Christmas for Caregivers Part III

Christmas for Caregivers Part III

Life is full of mysteries, but #dementia is far more mysterious than most life events. The disease can arrive with no warning and change in unbelievable ways. Since you can’t predict how long dementia patients will live, most #caregivers face an uncertain future. My mom’s case took some strange turns but not all of them were bad.

Christmas for Caregivers Part III

If a teenager changed the way my mother did, you might call it a growth spurt. Mom advanced from a state of decline to become a happy, laughing patient who outlived most of her comrades in residential care. After losing interest in life, the help of family members and home health aides revived her.

An Amazing Boost From Home Care

After we brought her home on that cold winter night, we began lifting her out of her chair each day to help her learn to walk again. We took her to a hyperbaric wound center where they treated the sore on her foot. Over time she managed to make it from the dining table to the kitchen using our shoulders as crutches. In a few months she could walk all the way to her bedroom with our help. When we put our arms around her she seemed to remember her teenage love of dancing, if only for a few moments.

For a year Mom went to an Adult Day Care program where her skills improved — at first. We became attached to some of the drivers who ferried her back and forth on the elder transport bus. One of her “sweethearts” rang the old ranch bell outside our house every time he arrived, just so she’d know he was there. On cold winter mornings the drivers sometimes raced into our kitchen for a quick coffee before their next pick up. Then, after a year of forming bonds with everyone involved with her care, Mom began to decline again. Last December the Day Program sent her back to me. I baked a farewell gingerbread cake and drank one last coffee with the guys who helped us out for so long.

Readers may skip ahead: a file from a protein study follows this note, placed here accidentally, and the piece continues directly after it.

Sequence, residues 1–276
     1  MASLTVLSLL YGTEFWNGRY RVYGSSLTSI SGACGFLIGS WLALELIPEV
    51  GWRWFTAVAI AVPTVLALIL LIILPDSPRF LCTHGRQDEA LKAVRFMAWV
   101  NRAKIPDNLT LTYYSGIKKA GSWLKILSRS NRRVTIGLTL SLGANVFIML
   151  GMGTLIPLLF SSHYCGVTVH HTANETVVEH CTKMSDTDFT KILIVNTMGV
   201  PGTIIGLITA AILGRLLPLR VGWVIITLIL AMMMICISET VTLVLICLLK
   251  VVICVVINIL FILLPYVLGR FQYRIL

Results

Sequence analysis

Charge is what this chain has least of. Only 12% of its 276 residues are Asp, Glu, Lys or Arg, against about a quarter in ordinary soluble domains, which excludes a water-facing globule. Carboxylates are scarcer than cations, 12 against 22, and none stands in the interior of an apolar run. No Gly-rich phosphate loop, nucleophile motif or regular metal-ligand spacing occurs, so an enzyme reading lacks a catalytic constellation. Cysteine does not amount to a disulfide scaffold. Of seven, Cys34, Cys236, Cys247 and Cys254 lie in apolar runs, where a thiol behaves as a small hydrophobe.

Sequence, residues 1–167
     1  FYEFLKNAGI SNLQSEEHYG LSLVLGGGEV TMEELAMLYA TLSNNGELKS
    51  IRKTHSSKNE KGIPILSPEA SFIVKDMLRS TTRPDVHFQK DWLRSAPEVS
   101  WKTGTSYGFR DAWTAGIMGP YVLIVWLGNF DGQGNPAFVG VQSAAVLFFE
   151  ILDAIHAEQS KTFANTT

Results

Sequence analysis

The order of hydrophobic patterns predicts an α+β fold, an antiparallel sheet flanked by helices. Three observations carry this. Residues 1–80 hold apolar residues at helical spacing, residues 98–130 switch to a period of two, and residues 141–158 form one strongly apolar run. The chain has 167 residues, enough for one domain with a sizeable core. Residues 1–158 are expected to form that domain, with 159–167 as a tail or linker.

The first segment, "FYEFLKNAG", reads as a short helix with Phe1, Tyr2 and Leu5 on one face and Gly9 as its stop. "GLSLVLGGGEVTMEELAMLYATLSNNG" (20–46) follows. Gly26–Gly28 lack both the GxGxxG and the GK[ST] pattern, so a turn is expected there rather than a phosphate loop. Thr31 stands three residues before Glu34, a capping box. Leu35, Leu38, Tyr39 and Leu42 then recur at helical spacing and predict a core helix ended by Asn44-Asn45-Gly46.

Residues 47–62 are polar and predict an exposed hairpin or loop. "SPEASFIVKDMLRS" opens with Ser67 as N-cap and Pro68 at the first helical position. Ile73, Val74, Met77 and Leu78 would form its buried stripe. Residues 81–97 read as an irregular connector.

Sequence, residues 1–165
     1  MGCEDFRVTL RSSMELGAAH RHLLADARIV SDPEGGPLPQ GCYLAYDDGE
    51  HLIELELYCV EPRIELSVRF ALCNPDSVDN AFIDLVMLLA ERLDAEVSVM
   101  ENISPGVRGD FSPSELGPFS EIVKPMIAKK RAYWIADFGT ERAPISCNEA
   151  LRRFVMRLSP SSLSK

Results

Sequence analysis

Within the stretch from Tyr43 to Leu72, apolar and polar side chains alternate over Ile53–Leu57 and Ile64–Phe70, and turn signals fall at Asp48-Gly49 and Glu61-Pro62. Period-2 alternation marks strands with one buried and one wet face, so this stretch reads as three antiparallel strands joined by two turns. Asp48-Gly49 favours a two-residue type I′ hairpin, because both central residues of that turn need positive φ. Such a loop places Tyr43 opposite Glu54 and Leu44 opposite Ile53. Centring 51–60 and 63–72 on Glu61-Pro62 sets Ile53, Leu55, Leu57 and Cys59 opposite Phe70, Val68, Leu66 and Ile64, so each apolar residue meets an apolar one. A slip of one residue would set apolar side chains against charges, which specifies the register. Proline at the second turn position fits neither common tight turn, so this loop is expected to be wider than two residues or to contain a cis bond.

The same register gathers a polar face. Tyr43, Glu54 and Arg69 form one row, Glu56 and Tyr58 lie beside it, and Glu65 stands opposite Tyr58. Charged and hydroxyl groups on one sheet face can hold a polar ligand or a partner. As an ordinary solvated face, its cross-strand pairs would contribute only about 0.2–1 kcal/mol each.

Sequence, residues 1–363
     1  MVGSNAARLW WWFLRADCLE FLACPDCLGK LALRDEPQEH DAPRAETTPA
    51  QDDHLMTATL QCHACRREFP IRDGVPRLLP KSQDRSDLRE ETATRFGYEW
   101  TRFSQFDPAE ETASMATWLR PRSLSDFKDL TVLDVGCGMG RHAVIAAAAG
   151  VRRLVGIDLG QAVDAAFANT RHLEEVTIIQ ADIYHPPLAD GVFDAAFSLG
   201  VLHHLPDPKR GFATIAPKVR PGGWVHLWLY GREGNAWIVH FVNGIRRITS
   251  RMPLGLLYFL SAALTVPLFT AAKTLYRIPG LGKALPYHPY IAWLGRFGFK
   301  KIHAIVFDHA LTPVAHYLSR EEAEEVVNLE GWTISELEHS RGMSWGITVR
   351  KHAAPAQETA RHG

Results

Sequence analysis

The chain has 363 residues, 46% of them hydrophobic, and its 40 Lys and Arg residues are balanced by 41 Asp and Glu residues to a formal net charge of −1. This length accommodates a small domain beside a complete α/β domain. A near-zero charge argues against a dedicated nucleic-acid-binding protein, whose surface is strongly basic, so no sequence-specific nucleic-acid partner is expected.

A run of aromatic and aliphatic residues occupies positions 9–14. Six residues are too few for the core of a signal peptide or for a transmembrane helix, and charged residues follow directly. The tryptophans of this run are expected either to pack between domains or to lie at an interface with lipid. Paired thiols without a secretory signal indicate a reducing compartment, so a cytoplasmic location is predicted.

A New Arrangement, Again

Last year at this time I recruited helpers from among our friends and neighbors. I needed a rotating crew of aides to help me keep working. During the past year we got assistance from people of all ages: a Girl Scout, her teenage sister, one feisty senior citizen, a former business man from New York, and a tough mom from Long Island. A good friend agreed to pitch in three days a week and an angel neighbor cooked countless meals for my tiny, hungry mother.

Despite everyone’s best efforts, Mom is losing the vigor she regained. Now she has no hang time when we dress her. We have to work like a professional pit crew, racing to pull up her trousers before she sinks. Even in this weakened state, she continues to exert a certain magic with people. It could be her laughter or her bright eyes (which are now more closed than open). She’s held onto a desire to keep living even after losing sight, speech, mobility and coordination.

And What Happens to the #Caregiver

As the disease changes, care has to change. So if you provide the care, then you have to change, too. In November of this year, I felt I had hit my limit. My joints ached and instead of looking sparkly, Christmas just resembled one long list of chores. I could see no way to sustain my health and sanity without finding some respite care for Mom. Our helpers watched me cry after returning from another facility that wouldn’t take her, even for a week. That’s when they told me they had figured out a way to give me the break I needed. Next week’s final segment explains why Christmas for Caregivers deserves a Part IV.

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